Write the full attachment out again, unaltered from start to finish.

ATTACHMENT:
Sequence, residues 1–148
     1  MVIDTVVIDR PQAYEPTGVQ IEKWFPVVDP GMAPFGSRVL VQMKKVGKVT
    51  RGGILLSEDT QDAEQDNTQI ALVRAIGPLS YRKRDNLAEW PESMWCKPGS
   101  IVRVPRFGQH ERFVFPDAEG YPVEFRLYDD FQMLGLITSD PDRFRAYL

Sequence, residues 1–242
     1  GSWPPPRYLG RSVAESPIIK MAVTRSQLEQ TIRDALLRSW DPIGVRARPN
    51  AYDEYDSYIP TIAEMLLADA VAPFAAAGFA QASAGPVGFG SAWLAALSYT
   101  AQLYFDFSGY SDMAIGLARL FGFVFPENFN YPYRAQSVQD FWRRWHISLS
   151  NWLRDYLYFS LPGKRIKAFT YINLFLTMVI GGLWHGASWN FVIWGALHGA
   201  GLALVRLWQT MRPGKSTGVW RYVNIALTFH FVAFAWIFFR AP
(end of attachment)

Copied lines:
Sequence, residues 1–148
     1  MVIDTVVIDR PQAYEPTGVQ IEKWFPVVDP GMAPFGSRVL VQMKKVGKVT
    51  RGGILLSEDT QDAEQDNTQI ALVRAIGPLS YRKRDNLAEW PESMWCKPGS
   101  IVRVPRFGQH ERFVFPDAEG YPVEFRLYDD FQMLGLITSD PDRFRAYL

Sequence, residues 1–242
     1  GSWPPPRYLG RSVAESPIIK MAVTRSQLEQ TIRDALLRSW DPIGVRARPN
    51  AYDEYDSYIP TIAEMLLADA VAPFAAAGFA QASAGPVGFG SAWLAALSYT
   101  AQLYFDFSGY SDMAIGLARL FGFVFPENFN YPYRAQSVQD FWRRWHISLS
   151  NWLRDYLYFS LPGKRIKAFT YINLFLTMVI GGLWHGASWN FVIWGALHGA
   201  GLALVRLWQT MRPGKSTGVW RYVNIALTFH FVAFAWIFFR AP